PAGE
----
Photos by Goats on the Road
Singapore is a unique island city-state packed with iconic buildings, fantastic foods and a huge mix of cultures. There's now more than enough to entice even those on a stopover to stay a little longer and explore further. Here are three top areas not to miss when planning to travel to Singapore.
Buzzing away under the shadow of the skyscrapers from the CBD, you'll find Singapore's Chinatown area. Although a shadow of its former self, it's still home to a large, mostly Mandarin speaking, Chinese community in the heart of the city. If you want to throw yourself into the history of the area, then check out the Chinatown Heritage Center at 48 Pagoda Street. Here you can learn about the humble beginnings of this area, through the days of slaves, prostitutes and opium dens up to the modern era.
As you wander through the streets of Chinatown, be sure to look up at the buildings to see the mix of architectural styles that converge here. At certain points, the area has more of a European feel in both the buildings and street designs, but the signs and items for sale will soon remind you of where you are.
If you're feeling hungry, then check out the nearby Maxwell Road Hawker Center on the junction of Southbridge Road and Maxwell Road. This is one of the many wallet-friendly Hawker Centers scattered around Singapore which host a wide variety of street food style stalls. Dishes start from around $2.50 SGD, so grab a table first and then pick the best smelling place to order some food. Beers here are cheap as well.
To get to Chinatown, jump off at either Outram Park or Chinatown MRT stations which are both on the North-East line.
Marina Bay Area
To get some respite from the bustling streets of Singapore, head down to the water’s edge for a relaxing stroll around the Marina Bay area. Thanks to a series of linked up development projects, it is now possible to walk a full circuit of the bay by the water without having to deal with any road traffic.
Marina Bay is flanked by the ever-expanding CBD Downtown area to the south, and the now iconic Marina Bay Sands Hotel — with its three mighty towers and protruding rooftop platform — to the east. There's a wide variety of bars and restaurants along the western edge of the bay which features the notoriously exclusive Fullerton Hotel and the iconic Merlion statue.
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The bay area is great to walk around in the daytime, but is best enjoyed at night to capture some great views across Singapore as the buildings light up in dramatic style. There's even a funky nightly light and fountain show called “Wonder Full” in front of the Marina Bay Sands hotel which is free to view, check their website for timings.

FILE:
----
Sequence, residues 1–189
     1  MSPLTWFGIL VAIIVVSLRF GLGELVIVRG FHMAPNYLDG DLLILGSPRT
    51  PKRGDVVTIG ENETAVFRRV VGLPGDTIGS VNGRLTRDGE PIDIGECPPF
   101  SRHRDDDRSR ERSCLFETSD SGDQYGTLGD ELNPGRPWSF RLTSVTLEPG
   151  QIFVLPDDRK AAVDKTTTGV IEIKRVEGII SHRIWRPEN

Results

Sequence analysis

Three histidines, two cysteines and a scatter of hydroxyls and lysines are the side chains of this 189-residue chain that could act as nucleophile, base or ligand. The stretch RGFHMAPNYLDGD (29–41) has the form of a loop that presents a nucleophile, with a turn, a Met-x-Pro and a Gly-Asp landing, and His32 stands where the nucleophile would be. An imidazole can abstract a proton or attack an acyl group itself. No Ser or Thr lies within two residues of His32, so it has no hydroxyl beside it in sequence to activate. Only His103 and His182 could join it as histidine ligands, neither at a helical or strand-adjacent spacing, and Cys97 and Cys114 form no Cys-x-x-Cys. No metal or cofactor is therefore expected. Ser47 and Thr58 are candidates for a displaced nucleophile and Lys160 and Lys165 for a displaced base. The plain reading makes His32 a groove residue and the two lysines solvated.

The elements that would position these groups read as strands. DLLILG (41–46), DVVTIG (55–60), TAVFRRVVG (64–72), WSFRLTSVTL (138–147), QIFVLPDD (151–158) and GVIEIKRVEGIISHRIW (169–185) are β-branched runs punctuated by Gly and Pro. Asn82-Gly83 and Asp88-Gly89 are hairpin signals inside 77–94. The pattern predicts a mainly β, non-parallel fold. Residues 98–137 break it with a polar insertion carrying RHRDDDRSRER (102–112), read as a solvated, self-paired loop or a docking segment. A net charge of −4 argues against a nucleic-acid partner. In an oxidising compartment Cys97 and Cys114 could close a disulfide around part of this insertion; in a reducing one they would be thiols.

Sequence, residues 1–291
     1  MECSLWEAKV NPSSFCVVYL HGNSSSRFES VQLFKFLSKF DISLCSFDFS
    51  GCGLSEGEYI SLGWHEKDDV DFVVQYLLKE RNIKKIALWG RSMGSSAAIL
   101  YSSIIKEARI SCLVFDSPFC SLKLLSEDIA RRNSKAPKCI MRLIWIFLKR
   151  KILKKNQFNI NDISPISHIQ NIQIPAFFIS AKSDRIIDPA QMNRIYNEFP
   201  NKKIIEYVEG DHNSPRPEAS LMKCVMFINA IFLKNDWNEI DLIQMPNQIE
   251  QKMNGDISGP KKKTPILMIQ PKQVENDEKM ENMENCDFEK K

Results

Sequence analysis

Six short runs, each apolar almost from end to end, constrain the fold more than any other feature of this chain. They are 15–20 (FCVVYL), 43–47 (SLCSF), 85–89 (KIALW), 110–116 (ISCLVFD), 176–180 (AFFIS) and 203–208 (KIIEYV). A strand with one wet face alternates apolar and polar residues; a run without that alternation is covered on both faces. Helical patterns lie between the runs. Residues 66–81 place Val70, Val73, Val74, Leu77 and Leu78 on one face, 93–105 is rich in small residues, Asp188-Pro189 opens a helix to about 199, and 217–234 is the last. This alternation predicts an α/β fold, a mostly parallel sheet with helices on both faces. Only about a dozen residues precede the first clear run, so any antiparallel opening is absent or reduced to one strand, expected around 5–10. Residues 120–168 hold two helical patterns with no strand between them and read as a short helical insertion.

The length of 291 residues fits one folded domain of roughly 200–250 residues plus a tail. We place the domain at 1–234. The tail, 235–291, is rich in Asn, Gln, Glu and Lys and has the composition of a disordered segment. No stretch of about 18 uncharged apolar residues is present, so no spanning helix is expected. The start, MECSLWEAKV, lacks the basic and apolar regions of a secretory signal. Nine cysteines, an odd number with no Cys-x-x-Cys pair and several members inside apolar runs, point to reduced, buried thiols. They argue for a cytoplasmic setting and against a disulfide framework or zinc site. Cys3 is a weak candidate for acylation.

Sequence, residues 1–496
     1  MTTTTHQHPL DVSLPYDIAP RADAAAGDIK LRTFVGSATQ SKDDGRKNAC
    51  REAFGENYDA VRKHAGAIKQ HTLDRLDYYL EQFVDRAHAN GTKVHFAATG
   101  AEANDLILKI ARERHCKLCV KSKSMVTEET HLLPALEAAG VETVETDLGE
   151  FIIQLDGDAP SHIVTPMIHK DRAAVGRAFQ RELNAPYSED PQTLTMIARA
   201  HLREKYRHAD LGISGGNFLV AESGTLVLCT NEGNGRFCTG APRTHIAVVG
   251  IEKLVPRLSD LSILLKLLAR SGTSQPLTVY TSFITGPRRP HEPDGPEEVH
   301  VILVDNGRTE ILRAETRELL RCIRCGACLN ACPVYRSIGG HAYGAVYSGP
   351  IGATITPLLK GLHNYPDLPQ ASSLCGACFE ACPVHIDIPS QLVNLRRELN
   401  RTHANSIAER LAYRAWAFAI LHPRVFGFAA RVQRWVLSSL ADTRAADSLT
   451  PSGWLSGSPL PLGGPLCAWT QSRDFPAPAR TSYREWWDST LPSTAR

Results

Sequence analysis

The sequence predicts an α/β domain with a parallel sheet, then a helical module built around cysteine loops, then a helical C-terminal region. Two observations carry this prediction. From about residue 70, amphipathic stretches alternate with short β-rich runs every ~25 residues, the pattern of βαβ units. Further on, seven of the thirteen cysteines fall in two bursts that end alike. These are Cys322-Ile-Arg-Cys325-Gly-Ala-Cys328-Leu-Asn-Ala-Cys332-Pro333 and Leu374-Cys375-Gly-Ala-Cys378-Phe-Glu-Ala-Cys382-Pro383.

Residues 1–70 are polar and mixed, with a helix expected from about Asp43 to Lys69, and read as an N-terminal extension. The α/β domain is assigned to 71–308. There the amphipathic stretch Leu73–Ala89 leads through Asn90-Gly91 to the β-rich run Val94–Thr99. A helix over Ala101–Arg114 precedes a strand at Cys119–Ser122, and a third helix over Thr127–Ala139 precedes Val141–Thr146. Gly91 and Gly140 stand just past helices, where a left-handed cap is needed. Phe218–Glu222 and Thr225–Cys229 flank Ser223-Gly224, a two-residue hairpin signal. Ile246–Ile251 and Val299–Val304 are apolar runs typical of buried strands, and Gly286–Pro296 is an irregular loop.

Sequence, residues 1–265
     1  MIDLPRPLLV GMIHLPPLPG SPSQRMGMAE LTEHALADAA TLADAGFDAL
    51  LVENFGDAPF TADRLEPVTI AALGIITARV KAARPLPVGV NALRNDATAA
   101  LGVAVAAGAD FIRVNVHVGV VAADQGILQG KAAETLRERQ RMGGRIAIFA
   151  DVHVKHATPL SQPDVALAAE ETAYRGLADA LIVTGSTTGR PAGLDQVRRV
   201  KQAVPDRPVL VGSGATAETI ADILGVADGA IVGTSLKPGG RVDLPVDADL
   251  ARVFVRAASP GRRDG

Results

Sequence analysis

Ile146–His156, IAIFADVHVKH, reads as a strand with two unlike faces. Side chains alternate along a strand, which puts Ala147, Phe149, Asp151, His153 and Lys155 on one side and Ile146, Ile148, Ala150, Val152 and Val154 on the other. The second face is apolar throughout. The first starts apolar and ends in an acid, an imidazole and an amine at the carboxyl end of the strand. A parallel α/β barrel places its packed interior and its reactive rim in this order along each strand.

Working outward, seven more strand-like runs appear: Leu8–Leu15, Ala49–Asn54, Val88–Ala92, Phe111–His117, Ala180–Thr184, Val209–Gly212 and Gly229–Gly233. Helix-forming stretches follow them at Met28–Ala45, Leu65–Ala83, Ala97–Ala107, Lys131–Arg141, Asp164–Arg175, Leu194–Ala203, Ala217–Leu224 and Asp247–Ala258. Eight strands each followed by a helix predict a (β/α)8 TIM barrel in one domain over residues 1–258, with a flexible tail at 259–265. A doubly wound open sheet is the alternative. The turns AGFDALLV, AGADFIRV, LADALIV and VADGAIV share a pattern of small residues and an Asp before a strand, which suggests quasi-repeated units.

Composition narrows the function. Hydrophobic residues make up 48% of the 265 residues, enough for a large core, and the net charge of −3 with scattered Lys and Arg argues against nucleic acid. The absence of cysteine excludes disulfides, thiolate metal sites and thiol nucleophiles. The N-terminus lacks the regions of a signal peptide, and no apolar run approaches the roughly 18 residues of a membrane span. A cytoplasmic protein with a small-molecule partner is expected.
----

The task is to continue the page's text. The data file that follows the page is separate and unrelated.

To save your legs, you could always take a boat trip around the bay and along the Singapore river. There's a ticket booth and boarding point near the Merlion and a 40-minute trip costs $25 SGD per adult and $15 SGD per child. Jump off the MRT at Bayfront or Raffles Place for easy access down to the Marina Bay Area.
To the east of central Singapore lies an area few visitors take the time to explore, with most passing right by the Katong/Joo Chiat area on the way from and to the country's Changi International Airport. So make a point of jumping off the MRT at Paya Lebar and taking a stroll into this fascinating part of the city.
Exploring here is like taking a step back from the modern high-rise buzz of today's Singapore into the city of years gone by. It's a melting pot of Peranakan Chinese, Eurasian, Malay and Indian cultures, many of which moved here from the increasingly busy and expensive center in the 1920s and ‘30s.
To orientate yourself, start at the end of Joo Chiat Road and head towards the East Coast Road. These two form main thoroughfares with quieter residential roads forming a grid in between them. Make sure you stop at the western end of Koon Seng Road where you'll find two colorfully painted rows of pre-war shop-houses. They are great examples of Singapore's architectural heritage being influenced by design details from both East and West.
Further down toward the coastline, you'll find another set of unique buildings at 150 East Coast Road. The conserved terrace houses here are built where the beach used to be so the living areas are raised up to protect against the rising tides. The sea is now further away but the homes remain, giving them an interesting style not found elsewhere in Singapore.